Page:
Thanks for your take Figue. I respectfully disagree on some of your points. Interested to get your and others feedback on my counterpoints.
I see the initial early success of Uniswap to a number of factors, but most obvious is that the trading experience is simple, convenient, and many times faster than interacting with a centralized exchange. What Uniswap is not is cheap due to three main factors: Network fee, Swap fee, and Slippage.
Network fee solve: V3 is rumored to utilize rollups greatly reducing network fees, but until then, we are currently not serving customers the best we can because of high network fees. Giving a temporary micro reward will help here.
Swap fee solve: There is no current solve for the high swap rate of 0.3%, and it is a reality that centralized exchanges beat us here. For example, Binance is 0.1% and offers reducing trading fees with BNB.
Slippage solve: With the liquidity mining program and a general organic increase in transaction volume, slippage has progressively improved, and hopefully will continue to improve in the coming months. It remains to be seen if/when liquidity mining will return, but it appears that a scaled down version will happen at some point to accelerate the rate of slippage reduction on certain high value pairs. There definitely appears to be a law of diminishing returns on incentivizing liquidity, and this is why there is a lively debate of the forum on further liquidity mining, including size of program and targeted pairs.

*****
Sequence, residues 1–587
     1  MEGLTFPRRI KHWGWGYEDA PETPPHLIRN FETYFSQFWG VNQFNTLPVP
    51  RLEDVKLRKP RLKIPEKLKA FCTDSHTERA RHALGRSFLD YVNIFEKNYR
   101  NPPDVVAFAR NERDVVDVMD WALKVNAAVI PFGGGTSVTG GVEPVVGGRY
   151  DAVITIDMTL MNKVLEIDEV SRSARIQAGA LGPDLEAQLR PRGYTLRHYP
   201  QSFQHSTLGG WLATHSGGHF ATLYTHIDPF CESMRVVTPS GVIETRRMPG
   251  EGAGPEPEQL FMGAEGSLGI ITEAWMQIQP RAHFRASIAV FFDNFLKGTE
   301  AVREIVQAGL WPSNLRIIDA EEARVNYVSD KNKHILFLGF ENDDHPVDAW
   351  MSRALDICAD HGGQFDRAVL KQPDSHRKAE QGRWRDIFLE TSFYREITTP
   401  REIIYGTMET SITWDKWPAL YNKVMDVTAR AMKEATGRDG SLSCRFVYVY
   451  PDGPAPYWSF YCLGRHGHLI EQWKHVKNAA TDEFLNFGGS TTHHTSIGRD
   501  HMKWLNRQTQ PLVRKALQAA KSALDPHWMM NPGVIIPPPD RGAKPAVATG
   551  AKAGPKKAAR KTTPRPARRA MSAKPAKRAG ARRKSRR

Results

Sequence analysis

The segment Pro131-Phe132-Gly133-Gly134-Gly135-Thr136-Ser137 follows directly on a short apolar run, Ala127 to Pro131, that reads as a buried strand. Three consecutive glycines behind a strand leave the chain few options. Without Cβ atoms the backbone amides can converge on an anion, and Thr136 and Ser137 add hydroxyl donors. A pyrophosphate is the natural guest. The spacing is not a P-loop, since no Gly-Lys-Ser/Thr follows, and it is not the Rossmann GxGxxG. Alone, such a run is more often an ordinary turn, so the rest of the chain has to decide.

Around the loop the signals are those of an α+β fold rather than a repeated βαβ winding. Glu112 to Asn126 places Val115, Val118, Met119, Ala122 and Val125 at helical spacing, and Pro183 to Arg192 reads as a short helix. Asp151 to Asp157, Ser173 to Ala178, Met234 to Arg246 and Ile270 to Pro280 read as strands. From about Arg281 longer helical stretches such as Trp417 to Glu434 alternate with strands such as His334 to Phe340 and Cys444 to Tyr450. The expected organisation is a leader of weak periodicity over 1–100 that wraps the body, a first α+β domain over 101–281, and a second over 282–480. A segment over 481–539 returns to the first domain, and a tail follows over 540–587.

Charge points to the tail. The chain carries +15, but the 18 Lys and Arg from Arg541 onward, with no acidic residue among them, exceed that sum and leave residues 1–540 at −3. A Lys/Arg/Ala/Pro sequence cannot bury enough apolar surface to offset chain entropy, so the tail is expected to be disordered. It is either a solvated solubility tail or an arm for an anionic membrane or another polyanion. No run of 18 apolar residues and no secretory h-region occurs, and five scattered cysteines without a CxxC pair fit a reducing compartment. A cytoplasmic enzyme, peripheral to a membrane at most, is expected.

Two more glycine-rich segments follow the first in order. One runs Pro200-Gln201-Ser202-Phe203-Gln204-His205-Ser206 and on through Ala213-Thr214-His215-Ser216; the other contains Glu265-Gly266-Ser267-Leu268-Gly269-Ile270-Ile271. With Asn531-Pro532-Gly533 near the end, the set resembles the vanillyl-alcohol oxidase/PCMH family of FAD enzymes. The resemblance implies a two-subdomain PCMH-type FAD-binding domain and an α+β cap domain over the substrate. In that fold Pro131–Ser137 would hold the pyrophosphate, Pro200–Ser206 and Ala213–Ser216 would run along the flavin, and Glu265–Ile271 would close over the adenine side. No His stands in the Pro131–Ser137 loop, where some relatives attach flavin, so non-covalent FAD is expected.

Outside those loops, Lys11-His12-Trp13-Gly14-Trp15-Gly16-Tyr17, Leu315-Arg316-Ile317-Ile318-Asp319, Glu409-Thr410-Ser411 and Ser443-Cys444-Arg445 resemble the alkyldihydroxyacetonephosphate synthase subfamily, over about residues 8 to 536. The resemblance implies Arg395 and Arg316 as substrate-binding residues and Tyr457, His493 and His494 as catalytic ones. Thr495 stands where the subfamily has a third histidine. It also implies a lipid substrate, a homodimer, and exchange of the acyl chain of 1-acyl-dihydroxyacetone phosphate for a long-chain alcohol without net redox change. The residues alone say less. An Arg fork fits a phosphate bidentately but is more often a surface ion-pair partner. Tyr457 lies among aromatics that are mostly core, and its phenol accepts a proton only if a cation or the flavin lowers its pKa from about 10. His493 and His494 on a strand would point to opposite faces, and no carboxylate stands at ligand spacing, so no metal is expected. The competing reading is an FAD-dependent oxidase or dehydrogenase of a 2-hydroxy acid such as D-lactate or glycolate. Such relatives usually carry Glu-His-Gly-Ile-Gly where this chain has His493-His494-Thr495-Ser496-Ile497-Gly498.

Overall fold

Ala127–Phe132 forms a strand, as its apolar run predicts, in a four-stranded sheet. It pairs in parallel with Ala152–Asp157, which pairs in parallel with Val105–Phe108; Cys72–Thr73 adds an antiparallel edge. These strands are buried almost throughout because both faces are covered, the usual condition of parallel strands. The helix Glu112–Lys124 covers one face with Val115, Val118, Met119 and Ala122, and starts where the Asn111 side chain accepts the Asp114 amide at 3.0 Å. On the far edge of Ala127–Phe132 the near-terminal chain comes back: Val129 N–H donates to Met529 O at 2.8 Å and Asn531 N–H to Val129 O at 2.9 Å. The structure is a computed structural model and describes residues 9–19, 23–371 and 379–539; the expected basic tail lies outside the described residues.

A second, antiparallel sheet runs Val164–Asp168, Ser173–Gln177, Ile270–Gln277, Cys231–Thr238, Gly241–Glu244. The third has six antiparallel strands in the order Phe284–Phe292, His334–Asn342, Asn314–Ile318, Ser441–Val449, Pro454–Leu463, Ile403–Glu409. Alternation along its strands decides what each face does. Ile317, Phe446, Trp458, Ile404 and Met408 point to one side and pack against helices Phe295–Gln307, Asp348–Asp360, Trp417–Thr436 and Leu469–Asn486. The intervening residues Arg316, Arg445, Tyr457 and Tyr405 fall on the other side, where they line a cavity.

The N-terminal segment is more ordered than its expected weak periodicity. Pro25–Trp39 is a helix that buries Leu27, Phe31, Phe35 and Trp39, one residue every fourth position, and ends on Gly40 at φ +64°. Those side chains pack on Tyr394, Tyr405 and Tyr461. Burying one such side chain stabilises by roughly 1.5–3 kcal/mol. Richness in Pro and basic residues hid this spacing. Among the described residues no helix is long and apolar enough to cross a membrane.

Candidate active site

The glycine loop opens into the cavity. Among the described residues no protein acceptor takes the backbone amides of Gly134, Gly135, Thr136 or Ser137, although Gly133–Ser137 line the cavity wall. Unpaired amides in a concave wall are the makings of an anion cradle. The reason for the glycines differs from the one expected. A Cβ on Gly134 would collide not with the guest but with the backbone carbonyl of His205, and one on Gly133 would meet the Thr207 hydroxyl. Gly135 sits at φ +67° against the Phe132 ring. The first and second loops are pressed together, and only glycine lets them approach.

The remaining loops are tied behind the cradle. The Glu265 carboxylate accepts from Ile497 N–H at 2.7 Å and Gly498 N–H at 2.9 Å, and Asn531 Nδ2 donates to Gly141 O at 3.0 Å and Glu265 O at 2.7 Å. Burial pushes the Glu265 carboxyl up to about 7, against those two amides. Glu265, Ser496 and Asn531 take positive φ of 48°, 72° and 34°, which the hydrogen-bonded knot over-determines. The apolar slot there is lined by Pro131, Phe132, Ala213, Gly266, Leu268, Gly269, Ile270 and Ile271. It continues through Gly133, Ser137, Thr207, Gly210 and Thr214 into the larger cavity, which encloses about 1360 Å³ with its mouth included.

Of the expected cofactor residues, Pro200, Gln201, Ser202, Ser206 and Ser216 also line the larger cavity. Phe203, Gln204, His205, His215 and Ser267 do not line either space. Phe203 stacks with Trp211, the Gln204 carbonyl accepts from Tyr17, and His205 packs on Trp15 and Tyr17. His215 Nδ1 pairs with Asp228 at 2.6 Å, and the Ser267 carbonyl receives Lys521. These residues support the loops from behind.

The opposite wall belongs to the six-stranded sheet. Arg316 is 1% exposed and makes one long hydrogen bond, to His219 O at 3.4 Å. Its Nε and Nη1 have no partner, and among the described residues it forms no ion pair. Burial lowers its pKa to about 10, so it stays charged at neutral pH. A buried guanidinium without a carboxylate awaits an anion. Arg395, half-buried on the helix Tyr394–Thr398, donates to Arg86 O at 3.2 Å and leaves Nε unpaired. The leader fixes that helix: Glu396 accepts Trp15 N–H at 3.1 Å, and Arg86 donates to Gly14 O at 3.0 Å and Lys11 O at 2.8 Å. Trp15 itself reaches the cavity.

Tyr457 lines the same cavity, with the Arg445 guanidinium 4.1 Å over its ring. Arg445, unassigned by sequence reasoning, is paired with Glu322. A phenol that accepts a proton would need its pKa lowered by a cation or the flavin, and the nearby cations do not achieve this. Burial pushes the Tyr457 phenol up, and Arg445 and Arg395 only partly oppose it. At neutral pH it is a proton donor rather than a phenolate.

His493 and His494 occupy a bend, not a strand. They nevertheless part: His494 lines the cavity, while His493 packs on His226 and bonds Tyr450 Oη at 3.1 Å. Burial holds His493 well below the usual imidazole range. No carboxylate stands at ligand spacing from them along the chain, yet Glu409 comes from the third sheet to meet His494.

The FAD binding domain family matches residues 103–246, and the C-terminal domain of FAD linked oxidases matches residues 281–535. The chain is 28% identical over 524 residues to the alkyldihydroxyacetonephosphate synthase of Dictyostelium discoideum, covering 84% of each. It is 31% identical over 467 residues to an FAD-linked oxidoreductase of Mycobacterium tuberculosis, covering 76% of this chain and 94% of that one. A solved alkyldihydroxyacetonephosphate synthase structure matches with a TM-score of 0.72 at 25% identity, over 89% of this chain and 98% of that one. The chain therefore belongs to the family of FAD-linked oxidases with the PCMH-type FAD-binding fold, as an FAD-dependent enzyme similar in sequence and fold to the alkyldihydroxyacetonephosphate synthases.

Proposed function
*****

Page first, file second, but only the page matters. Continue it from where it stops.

On your point that this type of reward does not contribute to long-term usage (Compound vs. AAVE TVL), I would say that TVL does not tell the whole story on how successful a protocol is. I believe key performance metrics we need to also look at is active users (daily, weekly, monthly) and transaction volume. On these metrics there is a stark difference:
Active users (monthly): Compound (105,000) AAVE (7,000)
Transaction volume(monthly usd): Compound (7.2 billion) AAVE (2.5 billion)
On the hazard of setting a precedent, to mitigate this risk, we need to be clear about our intentions of this program up front to our customers. The goal of this is to earn loyalty to our existing and incentivize potential customers to try/choose us over other decentralized and centralized exchanges during a time when the network and protocol do not have the infrastructure complete to scale.
As far as this program creating downward pressure on price, I would say that micro rewards to our hundreds of thousands of users will create less sell pressure than large concentrated rewards to liquidity miners. If our goal is broad ownership of this community asset (and I think it is), this is the way to go.
I also believe no matter how small a user position is in UNI, they are still an owner and stakeholder in the success of the protocol, and we should encourage participation in governance from people that have even just 1 UNI. This program will create more small UNI holders and hopefully more distributed governance. We should track Gini coefficient to ensure continued decentralization of UNI token.
Finally, I think this is a great promotional marketing tool. Imagine the headline something along the lines of “In appreciation of our users, for the next 3 months we will be rewarding 1,000,000 dollars per month in UNI to our community of traders.”